The National Association of Broadcasters has completed another step in its process of moving its headquarters closer to Capitol Hill and the thriving Washington neighborhood near Nationals Park baseball stadium and the developing waterfront Wharf area.
But there is still some uncertainty about whether the move will bring it much closer to the Federal Communications Commission's headquarters, which may be moving, too.
On Monday papers were filed at the District of Columbia Recorder of Deeds showing that 1M Properties LLC (a wholly-owned subsidiary of NAB) has acquired the 130,000 square foot building, which is located at One M Street SE, for $62.76 million (about $483 per square foot).
An NAB spokesperson confirmed that the transaction was consummated now because the contractor Monument Realty has completed its work on the building. The interior architecture firm will now handle construction of office spaces, with an eye toward moving into the building in early 2020. The transaction has been in progress for more than four years.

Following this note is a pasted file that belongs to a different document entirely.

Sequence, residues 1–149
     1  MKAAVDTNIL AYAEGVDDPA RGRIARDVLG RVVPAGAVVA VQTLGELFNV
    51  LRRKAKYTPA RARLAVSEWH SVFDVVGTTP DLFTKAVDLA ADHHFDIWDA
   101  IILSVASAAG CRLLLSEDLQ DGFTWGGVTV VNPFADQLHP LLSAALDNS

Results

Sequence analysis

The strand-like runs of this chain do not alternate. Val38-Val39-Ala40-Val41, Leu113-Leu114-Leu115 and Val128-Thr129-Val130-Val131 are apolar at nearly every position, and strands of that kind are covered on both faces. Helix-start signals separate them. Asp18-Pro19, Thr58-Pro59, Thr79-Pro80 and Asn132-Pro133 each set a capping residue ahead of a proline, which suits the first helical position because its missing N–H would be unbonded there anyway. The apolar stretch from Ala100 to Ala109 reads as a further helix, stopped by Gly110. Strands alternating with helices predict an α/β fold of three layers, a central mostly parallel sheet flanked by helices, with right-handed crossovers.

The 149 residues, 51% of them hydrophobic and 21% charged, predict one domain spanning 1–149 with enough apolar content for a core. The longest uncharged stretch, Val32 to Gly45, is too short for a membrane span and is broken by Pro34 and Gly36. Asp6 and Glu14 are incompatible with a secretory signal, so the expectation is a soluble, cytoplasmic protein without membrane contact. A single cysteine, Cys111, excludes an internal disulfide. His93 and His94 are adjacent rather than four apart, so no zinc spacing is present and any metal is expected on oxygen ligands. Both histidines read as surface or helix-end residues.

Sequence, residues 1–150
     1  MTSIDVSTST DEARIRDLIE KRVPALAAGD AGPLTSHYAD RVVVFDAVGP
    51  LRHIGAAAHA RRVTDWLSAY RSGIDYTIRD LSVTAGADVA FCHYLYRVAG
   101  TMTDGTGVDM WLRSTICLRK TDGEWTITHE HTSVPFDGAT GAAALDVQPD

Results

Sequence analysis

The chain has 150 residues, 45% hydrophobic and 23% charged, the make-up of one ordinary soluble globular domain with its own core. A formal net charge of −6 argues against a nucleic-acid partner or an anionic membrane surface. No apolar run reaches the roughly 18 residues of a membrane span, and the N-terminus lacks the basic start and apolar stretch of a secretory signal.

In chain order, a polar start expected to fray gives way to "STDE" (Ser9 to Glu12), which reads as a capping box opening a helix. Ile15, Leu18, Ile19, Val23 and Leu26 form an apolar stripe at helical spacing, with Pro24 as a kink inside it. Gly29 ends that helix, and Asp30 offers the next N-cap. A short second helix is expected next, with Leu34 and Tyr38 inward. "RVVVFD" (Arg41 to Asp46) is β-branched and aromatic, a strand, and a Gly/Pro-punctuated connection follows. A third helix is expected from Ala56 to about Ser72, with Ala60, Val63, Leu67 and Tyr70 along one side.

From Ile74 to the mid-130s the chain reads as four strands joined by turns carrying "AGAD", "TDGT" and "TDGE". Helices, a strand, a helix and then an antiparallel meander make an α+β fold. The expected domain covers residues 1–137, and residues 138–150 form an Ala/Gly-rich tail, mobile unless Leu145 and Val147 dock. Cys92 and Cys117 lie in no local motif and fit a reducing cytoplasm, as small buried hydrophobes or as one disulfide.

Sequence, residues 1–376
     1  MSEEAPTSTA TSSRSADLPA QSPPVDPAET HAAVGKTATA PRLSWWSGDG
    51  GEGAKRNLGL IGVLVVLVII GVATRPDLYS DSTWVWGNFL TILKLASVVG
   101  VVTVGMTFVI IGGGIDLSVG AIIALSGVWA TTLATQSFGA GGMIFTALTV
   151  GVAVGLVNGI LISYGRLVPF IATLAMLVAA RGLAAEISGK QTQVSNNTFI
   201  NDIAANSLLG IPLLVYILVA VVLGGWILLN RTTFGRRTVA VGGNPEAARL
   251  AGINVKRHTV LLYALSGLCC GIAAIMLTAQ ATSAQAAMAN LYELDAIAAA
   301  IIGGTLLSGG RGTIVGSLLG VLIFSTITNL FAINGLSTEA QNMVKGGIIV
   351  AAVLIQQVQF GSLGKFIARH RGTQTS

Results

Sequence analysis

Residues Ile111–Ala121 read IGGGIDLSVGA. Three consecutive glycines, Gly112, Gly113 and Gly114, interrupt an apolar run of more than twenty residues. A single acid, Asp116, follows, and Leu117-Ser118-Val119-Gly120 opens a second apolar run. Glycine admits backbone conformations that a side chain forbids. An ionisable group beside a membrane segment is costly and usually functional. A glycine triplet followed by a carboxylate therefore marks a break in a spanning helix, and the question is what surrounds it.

NAB sold its current building near the Dupont Circle area in Washington in March 2018 for $31.6 million, and has leased it since then while awaiting completion of its new headquarters. The new structure has nearly twice the space of NAB's 50-year old iconic curved building at 1771 N Street NW. For many decades, the NAB offices were about four blocks away from the Federal Communications Commission, until the agency moved in 1997 (after a long controversial delay) to The Portals complex in southwest D.C.
NAB's new headquarters will put it closer to Capitol Hill and also closer to agencies such as the Federal Trade Commission and the current FCC offices, although there has been speculation for several years that the FCC is seeking to move from its Portals venue. The Commission has considered a move into a new building just north of the Capitol in a neighborhood called "Swampoodle," which is the home of several other federal agencies and National Public Radio, among others. The General Services Administration will be involved in any FCC move, and such action appears to be facing the long delays that preceded its 1997 relocation.
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